It’s no secret to people who’ve grown up in a home where parents have abused alcohol or other substances: everyone in a family affected by addiction can develop unhealthy coping strategies. People who enter relationships with an addicted person have a tendency to be codependent.

What is codependency?

In a healthy, interdependent relationship, two adults mutually look out for one another and make compromises so that both people will have their needs met. As described by our partners at Willingway Treatment Center, a codependent relationship often has:

  • A martyr who makes all of the sacrifices in the relationship so the other person can continue their manipulative, abusive, or addictive behavior
  • Poor boundaries: the martyr doesn’t know how and/or isn’t allowed to say no
  • One or both people with history of emotionally unavailable parents
  • One person laboring under the false belief that they can heal the other person with their love
  • One person who lies or covers up for the other person so they won’t have to deal with the consequences of their poor choices

Codependency in Families

Codependency doesn’t just occur between two intimate partners. It can also occur between a parent and child. This dynamic often perpetuates into the next generation of the family, as a child of a codependent parent may find themselves drawn into codependent relationships as an adult.

According to Psychology Today, a household where codependency thrives tends to share some of these rules:

  • Problems and feelings should not be discussed.
  • Strength means learning to “suck it up” instead of processing grief, sadness or disappointment.
  • Perfection is expected.
  • “Do as I say, not as I do.”

While there is certainly nothing wrong with encouraging children to be strong, work hard, and make good choices, extreme rules that don’t allow a margin for human error, mistakes, or a personal definition of success create a situation where codependency can take root. Children in these homes often end up taking care of their parents and younger siblings, especially if the parent(s) also struggles with mental illness. The home environment may also include the following components:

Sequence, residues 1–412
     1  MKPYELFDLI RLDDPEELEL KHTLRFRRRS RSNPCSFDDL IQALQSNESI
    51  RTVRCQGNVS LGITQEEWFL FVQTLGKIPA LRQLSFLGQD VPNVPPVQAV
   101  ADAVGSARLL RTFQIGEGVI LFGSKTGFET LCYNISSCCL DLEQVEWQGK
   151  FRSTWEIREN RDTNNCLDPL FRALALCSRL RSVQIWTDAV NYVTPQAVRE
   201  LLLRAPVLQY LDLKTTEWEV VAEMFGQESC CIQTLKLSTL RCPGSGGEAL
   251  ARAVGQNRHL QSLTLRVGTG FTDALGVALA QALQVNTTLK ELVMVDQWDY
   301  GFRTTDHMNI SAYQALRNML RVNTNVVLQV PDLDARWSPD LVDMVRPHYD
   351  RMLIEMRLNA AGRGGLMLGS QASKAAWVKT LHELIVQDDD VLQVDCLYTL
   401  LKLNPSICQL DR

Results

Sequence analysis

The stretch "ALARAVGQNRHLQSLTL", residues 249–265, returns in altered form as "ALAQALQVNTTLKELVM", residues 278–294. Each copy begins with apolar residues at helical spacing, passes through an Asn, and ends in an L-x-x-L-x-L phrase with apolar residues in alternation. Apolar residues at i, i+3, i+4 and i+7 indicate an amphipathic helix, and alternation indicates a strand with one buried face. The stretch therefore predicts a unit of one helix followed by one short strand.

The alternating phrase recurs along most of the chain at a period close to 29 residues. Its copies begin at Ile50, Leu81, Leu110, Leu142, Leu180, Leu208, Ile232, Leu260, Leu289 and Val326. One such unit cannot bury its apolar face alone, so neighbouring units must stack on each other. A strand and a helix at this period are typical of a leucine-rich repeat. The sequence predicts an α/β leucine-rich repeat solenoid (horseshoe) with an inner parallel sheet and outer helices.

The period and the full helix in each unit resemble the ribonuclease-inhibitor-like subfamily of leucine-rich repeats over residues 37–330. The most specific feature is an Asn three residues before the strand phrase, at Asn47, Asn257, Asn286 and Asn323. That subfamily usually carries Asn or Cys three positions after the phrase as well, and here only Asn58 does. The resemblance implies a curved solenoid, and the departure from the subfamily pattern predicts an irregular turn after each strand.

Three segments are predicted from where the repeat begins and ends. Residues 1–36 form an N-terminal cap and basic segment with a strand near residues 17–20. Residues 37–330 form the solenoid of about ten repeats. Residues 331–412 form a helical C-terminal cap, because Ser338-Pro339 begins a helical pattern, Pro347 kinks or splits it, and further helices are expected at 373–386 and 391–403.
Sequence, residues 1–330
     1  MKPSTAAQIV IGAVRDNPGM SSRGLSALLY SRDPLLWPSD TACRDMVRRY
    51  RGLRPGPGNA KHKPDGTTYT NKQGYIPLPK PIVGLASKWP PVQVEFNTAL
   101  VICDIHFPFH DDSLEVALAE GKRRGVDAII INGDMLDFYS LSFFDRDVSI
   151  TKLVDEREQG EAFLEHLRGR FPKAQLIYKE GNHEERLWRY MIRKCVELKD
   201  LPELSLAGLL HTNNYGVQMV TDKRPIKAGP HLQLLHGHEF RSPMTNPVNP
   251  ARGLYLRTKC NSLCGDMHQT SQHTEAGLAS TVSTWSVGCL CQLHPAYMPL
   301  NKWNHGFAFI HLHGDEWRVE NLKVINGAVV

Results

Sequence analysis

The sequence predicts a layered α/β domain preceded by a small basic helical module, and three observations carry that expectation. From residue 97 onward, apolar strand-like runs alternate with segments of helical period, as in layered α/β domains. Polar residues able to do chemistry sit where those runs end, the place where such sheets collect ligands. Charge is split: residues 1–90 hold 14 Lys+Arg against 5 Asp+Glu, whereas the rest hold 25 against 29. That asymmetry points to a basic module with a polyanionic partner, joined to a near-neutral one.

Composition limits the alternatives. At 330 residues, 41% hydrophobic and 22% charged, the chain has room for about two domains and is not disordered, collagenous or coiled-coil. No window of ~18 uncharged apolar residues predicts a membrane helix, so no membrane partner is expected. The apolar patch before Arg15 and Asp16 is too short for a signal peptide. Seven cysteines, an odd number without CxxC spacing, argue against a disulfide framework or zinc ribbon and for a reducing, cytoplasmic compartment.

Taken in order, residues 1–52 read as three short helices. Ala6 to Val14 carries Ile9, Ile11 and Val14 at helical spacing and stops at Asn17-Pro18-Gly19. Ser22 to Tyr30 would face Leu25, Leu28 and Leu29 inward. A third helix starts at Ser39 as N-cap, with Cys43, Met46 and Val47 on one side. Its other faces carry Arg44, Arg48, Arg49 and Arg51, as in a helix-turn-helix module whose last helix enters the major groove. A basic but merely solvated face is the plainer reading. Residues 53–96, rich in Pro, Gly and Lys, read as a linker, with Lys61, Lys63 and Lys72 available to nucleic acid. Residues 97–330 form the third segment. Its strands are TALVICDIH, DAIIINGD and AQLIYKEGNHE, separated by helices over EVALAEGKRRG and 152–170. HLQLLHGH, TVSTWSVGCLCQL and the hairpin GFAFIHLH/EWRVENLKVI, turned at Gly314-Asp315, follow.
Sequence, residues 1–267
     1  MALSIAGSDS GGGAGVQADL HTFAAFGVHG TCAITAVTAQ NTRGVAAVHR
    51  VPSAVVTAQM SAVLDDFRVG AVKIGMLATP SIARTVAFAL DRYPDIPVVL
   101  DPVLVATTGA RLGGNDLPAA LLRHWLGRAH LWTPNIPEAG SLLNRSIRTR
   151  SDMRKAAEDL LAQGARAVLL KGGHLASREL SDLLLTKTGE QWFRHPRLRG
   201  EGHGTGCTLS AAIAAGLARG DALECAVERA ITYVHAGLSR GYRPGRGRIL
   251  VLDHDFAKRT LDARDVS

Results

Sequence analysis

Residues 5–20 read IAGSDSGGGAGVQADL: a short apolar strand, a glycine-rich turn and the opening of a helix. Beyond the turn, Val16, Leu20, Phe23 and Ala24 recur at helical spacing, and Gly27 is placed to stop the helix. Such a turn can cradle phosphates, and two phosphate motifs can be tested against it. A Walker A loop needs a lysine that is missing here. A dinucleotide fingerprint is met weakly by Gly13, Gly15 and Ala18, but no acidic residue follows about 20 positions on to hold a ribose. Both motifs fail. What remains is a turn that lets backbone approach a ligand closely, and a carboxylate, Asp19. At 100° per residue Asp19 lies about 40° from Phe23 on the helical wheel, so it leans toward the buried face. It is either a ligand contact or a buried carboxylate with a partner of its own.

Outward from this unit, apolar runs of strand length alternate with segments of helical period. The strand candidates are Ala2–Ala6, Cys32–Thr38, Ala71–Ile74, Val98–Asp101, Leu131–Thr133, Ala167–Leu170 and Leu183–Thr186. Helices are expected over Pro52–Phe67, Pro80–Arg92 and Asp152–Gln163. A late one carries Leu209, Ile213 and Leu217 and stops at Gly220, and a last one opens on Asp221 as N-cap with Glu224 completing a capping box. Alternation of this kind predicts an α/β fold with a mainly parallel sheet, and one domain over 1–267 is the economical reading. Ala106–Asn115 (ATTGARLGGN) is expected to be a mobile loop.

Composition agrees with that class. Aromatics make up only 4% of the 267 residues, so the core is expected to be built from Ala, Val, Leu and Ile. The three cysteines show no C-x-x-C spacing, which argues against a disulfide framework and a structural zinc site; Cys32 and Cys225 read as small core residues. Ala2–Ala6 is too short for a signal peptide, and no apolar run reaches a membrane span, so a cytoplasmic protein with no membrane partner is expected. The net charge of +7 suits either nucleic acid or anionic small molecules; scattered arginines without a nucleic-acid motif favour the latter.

• Unpredictability
  • Manipulation, guilt, and shame
  • Neglect – emotional and/or physical
  • Abuse or extremely harsh punishments
  • Parents’ unwillingness to accept that there is a problem and get help

Inside the Codependent Mind

A person with codependent traits tends to be a people-pleaser, doing whatever it takes to make everyone happy. They may cope with their feelings of low self-worth by giving and giving, not speaking up to advocate for themselves or to keep others from taking advantage of them. They may feel guilty any time they say no. They may expect people who love them to hurt them and may experience trust issues as a result. They may fear loneliness, but be unable to escape it, even when there are others present. They tend to be very critical of themselves.

Crushing Codependency

What a child learns in their early life can be difficult to shake off in adulthood. An adult whose parents taught them codependency may be inclined to replicate this dynamic in their relationships later in life. Psychology Today recommends a number of steps that adults can take to counteract codependency in their own relationships:

  • Educate yourself by reading about codependency and becoming aware of how you behave in relationships.
  • Seek counseling and/or a codependency support group.
  • Set healthy boundaries.
  • Instead of rescuing others, offer the help they need to solve their own problems.

Addiction fosters codependency. Often, the family or partner of an addicted person acts codependently to protect the addicted person from the consequences of their behavior. They think their caring will heal the addicted person, and they will sacrifice their own health and well-being to cater to the addicted person’s needs.

We Can Help

At Safe Harbor Recovery Center, we assist people who’ve struggled with codependency to find new ways of engaging with their loved ones. If you or a loved one are struggling with addiction or the effects of addiction on a relationship, please contact us to find out how we can help.

For more information about programs at Safe Harbor Recovery Center, including inpatient addiction treatment in Virginia, contact us at (888) 932-2304. We are ready to help you make a new beginning.